Review: in-i, National Theatre

in-i marks a remarkable collaboration between dancer/choreographer Akram Khan and actress Juliette Binoche in which they dared each other to push personal and professional boundaries and create a work of art stretching over both their disciplines. The result is in-I, an 70 minute piece of intriguing dance theatre.

It purports to take us through the 14 different words that the Greeks have for love, but for me it felt like one could trace the turbulence of one relationship throughout. Taking us on a journey through this relationship, heavily influenced by his religious upbringing, her fears of domestic violence, as the couple come together, clash, separate, reunite and over again as they both struggle to deal with their innate fierceness.

The third collaborator Anish Kapoor’s set design is really interesting: a wall that moves slowly but is lit by a beautiful array of colours, reflecting the changing moods of the dance. It also serves as a backdrop to the various vignettes that are played out, like the opening scene set in a cinema.

There’s no denying that there are limitations to this exercise: Binoche has trained intensively for six months but does not have the full range and fluidity to be a true companion to Khan when they dance together, likewise Binoche’s immense stage presence sometimes threatens to overwhelm him during the acting sequences. But that is if one approaches this with a fully critical mindset: there are some beautiful moments here as well when the production plays to the strengths from each of its participants. Khan’s storytelling and Binoche’s vulnerability inthe cinema scene with Binoche as a teenager fantasising about an older man, represented by a whirling Khan is magnificent and I loved the imagery of pinned back onto the wall later on.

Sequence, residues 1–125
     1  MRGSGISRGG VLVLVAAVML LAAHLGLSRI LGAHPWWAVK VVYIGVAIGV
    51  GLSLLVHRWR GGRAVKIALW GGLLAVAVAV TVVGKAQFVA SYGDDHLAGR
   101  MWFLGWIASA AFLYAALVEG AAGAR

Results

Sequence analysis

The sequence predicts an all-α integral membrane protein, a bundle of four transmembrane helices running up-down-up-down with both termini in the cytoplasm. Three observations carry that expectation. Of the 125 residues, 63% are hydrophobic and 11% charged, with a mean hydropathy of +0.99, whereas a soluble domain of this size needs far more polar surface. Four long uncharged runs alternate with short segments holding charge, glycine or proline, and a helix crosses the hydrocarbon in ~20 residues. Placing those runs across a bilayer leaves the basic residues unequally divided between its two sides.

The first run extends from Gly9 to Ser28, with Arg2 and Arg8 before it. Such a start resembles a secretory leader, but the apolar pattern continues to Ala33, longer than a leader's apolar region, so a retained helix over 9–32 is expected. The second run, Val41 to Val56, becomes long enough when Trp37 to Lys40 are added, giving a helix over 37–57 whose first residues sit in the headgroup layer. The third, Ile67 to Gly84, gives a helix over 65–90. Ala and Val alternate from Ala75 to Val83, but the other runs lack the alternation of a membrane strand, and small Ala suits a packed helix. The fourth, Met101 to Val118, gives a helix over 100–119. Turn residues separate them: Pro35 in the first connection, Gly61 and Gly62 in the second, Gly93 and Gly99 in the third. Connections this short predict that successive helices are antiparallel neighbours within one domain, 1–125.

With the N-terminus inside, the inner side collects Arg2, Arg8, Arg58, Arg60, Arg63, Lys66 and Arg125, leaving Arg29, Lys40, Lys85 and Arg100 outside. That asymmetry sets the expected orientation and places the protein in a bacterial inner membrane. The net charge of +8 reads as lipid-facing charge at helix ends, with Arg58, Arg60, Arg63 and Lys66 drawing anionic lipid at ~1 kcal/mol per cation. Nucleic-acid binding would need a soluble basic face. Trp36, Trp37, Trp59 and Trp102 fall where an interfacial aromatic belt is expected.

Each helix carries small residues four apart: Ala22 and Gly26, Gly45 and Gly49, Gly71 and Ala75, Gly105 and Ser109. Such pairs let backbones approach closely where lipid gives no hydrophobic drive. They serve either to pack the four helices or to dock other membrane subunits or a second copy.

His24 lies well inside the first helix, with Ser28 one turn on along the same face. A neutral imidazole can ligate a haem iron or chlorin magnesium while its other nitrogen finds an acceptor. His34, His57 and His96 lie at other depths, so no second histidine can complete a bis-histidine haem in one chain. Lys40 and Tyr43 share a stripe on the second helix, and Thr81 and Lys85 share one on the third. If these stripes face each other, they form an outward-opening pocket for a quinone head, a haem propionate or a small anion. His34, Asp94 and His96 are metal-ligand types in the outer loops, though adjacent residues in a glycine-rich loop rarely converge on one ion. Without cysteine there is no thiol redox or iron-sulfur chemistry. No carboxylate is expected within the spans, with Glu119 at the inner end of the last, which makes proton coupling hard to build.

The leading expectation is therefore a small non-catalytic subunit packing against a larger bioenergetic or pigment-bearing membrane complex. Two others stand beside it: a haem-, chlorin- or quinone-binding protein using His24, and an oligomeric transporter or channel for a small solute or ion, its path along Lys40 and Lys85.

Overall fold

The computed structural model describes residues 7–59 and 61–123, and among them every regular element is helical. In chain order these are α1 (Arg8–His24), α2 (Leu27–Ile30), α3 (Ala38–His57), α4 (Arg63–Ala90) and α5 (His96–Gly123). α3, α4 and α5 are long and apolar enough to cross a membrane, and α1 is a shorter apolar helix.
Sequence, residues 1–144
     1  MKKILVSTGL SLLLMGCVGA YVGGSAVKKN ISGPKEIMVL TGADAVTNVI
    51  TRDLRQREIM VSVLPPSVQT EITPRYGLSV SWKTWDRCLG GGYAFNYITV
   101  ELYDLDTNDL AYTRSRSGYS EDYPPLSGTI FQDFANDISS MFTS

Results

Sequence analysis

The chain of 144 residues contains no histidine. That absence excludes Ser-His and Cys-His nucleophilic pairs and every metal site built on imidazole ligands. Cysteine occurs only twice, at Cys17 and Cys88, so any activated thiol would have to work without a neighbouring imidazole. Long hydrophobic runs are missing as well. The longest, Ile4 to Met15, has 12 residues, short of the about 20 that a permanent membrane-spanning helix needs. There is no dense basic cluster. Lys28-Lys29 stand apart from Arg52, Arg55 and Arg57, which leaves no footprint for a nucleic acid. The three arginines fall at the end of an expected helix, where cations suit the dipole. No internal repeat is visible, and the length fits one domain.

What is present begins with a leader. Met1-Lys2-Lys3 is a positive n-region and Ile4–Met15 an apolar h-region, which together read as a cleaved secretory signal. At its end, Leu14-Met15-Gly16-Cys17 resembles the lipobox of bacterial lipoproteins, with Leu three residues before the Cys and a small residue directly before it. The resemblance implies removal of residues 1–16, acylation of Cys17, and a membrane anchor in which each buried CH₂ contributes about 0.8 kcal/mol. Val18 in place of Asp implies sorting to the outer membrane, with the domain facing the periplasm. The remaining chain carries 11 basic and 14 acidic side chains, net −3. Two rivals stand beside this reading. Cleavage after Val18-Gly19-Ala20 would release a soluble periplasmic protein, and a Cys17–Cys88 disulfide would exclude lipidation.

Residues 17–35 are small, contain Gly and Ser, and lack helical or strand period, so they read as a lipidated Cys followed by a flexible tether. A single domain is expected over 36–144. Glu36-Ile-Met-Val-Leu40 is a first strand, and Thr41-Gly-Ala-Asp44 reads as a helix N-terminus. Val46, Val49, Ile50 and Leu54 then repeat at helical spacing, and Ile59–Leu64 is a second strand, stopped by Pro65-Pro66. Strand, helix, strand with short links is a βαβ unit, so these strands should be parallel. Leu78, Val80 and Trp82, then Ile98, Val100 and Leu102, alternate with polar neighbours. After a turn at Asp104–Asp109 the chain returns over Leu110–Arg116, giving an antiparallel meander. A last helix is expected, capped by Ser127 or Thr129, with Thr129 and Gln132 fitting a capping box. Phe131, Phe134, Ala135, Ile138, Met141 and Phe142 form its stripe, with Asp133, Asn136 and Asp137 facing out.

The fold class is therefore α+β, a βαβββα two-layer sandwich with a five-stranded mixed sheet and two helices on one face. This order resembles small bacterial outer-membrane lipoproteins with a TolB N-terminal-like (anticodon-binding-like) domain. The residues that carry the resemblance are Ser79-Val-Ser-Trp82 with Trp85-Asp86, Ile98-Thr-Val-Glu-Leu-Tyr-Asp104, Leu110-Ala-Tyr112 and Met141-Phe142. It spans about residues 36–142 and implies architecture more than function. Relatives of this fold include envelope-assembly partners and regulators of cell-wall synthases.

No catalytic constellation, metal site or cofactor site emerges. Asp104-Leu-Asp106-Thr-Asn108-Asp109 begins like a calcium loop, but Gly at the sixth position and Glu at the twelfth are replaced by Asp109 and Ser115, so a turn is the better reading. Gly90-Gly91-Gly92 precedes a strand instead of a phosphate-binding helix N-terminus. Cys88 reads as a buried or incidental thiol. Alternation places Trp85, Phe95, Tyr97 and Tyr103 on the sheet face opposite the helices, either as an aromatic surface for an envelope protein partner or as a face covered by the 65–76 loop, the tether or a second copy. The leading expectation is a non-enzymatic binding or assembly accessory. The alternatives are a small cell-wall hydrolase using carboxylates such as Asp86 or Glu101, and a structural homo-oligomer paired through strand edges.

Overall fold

For seasoned fans of dance, I imagine this might be a bit of a disappointment as this isn’t the most highly technical of dance pieces. But to me it feels like so much more. It is so rare to see an artist at the top of her game in her own field putting herself through such a challenge in pursuing another, and in front of live audiences too. It is a risky experiment, but one I found to be highly fascinating, plus the opportunity to see Juliette Binoche on stage for the first time was one I could never have turned down even if she was just sitting there!

Photo: Tristam Kenton

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